If patients are concerned about the possible risks from having an x-ray examination they should seek reassurance from their doctor that the examination is indeed necessary and that it is likely to yield useful diagnostic information. All reasonable steps should be taken to minimise these risks and to be sure that the x-ray examination is justified in terms of an overriding health benefit to the patient. In most cases the risk to the patient's health from not obtaining an accurate diagnosis by foregoing or restricting the use of x-rays, will be much greater than the very small risks from the radiation.

Is any account taken of previous x-rays when ordering a new x-ray examination?

The doctor should be sure that the diagnostic information expected from the new x-ray examination is not already available from any previous examinations, even if they were requested by another doctor or undertaken in another hospital. If he or she is sure, the need for the new x-ray examination should be determined on its own merits, in relation to the patient's present medical condition. There is no need to consider previous medical exposures, as long as the new examination is fully justified and optimised so that the benefits to the patient outweigh the small radiation risks for this examination. The size of the additional risk (and the benefit) from this new examination is unaffected by previous exposures, even if they were taken only a short while ago.

What is the maximum number of x-ray examinations that are advisable in one year?

The appropriate number of x-rays for a particular patient depends entirely on that patient's medical condition. The doctor must, however, be sure that each x-ray examination he or she requests will provide useful information for the treatment or management of the patient so that there is a real benefit which will outweigh the very small radiation risk for each examination requested.

A large number of high-dose examinations (for example CT body scans) in one year may well be justified to diagnose and assess the treatment of a serious life-threatening condition.

How do the doses and risks from nuclear medicine examinations compare with those from x-ray examinations?

X-ray examinations involve exposing the patient to a well-defined beam of x-rays which passes through the part of the body under examination and is intercepted by an imaging device on the far side of the body. Nuclear medicine examinations, on the other hand, involve introducing a radioactively labelled drug into the body, usually by intravenous injection, which is preferentially taken up by the particular organ under investigation. The radioactive material emits gamma rays which pass out of the body to a gamma camera positioned over the organ of interest.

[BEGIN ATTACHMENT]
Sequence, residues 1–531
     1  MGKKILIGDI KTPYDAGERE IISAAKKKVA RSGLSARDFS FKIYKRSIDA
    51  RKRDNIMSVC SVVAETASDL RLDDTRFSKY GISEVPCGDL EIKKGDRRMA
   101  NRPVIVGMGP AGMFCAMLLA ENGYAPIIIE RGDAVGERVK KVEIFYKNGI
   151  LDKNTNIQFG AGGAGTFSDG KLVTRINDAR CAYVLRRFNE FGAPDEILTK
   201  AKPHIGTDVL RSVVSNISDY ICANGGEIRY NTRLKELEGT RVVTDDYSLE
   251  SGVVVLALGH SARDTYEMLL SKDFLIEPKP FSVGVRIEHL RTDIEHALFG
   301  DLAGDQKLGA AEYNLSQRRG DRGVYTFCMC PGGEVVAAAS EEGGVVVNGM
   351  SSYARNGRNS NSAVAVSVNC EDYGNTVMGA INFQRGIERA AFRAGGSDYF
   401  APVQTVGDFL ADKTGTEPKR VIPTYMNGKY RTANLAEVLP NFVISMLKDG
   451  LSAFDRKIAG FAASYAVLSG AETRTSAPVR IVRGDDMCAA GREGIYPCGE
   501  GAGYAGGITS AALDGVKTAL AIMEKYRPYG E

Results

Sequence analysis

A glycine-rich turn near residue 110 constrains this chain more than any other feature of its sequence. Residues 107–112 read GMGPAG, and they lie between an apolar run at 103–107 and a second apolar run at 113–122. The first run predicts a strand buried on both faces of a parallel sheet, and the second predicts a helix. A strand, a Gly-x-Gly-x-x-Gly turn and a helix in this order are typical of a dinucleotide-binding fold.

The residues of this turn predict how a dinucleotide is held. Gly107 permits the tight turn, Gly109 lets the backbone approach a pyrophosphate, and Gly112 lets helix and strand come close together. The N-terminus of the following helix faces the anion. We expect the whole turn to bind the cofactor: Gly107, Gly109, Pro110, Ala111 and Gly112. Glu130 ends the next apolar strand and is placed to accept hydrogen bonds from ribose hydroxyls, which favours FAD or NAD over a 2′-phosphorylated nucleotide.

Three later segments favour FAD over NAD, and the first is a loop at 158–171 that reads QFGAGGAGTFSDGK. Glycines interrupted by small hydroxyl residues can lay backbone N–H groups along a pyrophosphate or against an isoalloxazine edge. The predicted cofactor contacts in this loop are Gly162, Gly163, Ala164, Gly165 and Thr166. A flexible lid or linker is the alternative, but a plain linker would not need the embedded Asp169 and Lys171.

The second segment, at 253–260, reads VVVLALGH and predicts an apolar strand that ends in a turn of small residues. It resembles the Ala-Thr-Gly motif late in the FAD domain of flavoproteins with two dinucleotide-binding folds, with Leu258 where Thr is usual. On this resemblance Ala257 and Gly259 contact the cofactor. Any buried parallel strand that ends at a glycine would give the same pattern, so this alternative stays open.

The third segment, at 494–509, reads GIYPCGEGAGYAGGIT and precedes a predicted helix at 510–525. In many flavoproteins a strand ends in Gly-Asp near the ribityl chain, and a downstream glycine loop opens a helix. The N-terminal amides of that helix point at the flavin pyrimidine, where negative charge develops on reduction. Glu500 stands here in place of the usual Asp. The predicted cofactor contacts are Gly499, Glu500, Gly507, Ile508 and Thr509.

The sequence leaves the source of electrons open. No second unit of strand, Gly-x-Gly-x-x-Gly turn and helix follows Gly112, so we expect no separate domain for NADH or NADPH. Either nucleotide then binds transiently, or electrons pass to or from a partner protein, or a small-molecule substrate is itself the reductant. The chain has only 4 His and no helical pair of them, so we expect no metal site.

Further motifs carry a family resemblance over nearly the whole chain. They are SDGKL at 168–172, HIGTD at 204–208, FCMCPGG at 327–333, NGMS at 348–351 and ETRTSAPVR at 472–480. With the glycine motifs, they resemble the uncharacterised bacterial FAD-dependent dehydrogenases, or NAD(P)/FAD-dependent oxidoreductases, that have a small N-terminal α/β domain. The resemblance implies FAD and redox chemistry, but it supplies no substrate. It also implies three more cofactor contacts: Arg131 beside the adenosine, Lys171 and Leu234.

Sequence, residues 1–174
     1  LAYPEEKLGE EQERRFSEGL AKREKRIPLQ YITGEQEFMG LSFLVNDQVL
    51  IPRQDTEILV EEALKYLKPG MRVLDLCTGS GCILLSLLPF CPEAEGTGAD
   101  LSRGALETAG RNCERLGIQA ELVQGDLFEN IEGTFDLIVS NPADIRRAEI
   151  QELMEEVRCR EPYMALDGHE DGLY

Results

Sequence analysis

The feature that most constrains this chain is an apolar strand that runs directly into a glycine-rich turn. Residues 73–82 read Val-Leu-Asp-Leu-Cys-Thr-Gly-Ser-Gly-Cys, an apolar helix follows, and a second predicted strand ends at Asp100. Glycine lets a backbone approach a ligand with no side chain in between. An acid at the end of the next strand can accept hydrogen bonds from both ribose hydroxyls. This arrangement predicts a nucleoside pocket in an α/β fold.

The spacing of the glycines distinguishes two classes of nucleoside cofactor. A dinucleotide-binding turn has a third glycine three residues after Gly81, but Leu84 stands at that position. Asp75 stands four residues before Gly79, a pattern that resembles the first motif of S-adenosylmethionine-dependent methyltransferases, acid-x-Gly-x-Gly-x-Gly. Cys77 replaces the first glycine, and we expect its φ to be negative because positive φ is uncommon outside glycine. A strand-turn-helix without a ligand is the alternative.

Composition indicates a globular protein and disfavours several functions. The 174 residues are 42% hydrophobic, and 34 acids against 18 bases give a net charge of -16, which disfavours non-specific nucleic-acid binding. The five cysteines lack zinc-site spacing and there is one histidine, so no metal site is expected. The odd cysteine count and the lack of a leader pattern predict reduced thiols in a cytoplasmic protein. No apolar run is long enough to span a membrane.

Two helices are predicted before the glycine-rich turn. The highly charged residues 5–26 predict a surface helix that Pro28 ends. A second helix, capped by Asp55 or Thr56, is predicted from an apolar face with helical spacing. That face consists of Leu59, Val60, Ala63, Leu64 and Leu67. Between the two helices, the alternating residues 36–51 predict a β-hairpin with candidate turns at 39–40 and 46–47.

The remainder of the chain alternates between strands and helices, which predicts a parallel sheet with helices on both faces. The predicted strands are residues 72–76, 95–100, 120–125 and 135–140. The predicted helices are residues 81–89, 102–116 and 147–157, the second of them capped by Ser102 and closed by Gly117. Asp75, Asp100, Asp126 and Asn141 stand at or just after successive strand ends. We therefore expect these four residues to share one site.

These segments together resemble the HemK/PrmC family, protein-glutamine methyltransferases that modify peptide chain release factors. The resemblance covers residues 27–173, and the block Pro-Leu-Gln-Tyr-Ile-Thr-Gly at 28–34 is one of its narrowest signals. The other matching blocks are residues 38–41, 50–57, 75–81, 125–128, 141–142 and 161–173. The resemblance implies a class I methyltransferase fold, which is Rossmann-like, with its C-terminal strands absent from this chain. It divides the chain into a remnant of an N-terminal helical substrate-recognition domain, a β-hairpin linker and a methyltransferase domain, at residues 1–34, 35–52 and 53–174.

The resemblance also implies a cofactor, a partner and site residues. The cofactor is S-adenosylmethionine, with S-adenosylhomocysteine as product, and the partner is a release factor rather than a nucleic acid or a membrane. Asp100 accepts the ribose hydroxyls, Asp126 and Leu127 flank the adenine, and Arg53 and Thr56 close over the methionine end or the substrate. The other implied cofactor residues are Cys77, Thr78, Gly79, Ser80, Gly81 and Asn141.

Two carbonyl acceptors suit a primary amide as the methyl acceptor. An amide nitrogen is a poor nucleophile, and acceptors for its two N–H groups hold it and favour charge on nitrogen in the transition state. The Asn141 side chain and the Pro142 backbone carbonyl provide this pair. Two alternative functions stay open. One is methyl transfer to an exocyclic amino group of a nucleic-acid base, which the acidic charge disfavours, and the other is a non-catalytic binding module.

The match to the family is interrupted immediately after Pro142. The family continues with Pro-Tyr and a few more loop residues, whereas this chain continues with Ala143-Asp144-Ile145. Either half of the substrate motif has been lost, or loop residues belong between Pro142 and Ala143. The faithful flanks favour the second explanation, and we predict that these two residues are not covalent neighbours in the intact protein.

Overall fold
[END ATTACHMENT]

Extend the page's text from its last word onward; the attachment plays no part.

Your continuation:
Whereas radiation is present during an x-ray examination only for the short period during which the x-ray machine is switched on, the radioactive material used in a nuclear medicine examination will continue to emit radiation, but at a rapidly decreasing rate, for many hours after the examination. The distribution of the radiation dose within the body is consequently quite different for x-ray and nuclear medicine examinations and the type of radiation is also different.

However it is possible to estimate the doses received by radiosensitive organs in the body from both of these types of examination and to combine the organ doses in a manner which takes account of their relative radiosensitivity. The combined organ dose is called the 'effective dose' and provides a measure of the total radiation risk from the non-uniform exposures typical of both x-ray and nuclear medicine examinations.

The lifetime risk of fatal cancer can be approximately estimated from the effective dose. Typical effective doses and fatal cancer risks for some common x-ray and nuclear medicine examinations are shown in the table. Equivalent periods of natural background radiation which will result in the same effective dose as the medical examinations are also shown for comparison.

The effective doses and risks for most of the common nuclear medicine procedures, particularly those involving the radionuclide technetium-99m (Tc-99m), lie in the middle of the range seen for x-ray examinations.